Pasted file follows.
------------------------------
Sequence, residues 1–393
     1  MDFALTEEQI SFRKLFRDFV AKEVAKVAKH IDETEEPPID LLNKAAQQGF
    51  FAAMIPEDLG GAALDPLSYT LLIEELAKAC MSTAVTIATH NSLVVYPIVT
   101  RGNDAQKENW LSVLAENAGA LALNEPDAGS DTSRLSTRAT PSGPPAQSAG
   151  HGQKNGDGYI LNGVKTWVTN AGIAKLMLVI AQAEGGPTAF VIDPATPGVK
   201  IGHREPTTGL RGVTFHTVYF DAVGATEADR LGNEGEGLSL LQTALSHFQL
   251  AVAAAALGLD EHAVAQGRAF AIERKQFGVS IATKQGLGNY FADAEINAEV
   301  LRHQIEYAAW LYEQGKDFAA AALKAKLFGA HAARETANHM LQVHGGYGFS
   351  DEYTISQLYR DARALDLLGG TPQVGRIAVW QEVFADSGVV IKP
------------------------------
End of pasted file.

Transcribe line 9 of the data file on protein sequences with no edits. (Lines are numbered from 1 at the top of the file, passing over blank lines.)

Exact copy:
   351  DEYTISQLYR DARALDLLGG TPQVGRIAVW QEVFADSGVV IKP